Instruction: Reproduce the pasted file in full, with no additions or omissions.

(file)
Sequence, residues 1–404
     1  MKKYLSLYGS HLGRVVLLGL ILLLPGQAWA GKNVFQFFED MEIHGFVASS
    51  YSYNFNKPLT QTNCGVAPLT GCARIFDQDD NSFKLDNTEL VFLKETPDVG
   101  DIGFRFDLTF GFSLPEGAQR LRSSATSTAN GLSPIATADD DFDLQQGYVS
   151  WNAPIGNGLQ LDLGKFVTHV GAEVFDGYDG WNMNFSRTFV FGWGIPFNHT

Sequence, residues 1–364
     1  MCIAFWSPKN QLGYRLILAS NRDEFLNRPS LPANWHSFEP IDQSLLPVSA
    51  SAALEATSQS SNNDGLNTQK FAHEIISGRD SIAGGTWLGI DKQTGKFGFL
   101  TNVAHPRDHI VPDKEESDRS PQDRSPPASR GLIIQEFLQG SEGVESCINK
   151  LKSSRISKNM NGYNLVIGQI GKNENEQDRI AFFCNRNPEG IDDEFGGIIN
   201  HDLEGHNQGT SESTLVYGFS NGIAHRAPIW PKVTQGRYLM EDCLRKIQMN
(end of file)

Sequence, residues 1–404
     1  MKKYLSLYGS HLGRVVLLGL ILLLPGQAWA GKNVFQFFED MEIHGFVASS
    51  YSYNFNKPLT QTNCGVAPLT GCARIFDQDD NSFKLDNTEL VFLKETPDVG
   101  DIGFRFDLTF GFSLPEGAQR LRSSATSTAN GLSPIATADD DFDLQQGYVS
   151  WNAPIGNGLQ LDLGKFVTHV GAEVFDGYDG WNMNFSRTFV FGWGIPFNHT

Sequence, residues 1–364
     1  MCIAFWSPKN QLGYRLILAS NRDEFLNRPS LPANWHSFEP IDQSLLPVSA
    51  SAALEATSQS SNNDGLNTQK FAHEIISGRD SIAGGTWLGI DKQTGKFGFL
   101  TNVAHPRDHI VPDKEESDRS PQDRSPPASR GLIIQEFLQG SEGVESCINK
   151  LKSSRISKNM NGYNLVIGQI GKNENEQDRI AFFCNRNPEG IDDEFGGIIN
   201  HDLEGHNQGT SESTLVYGFS NGIAHRAPIW PKVTQGRYLM EDCLRKIQMN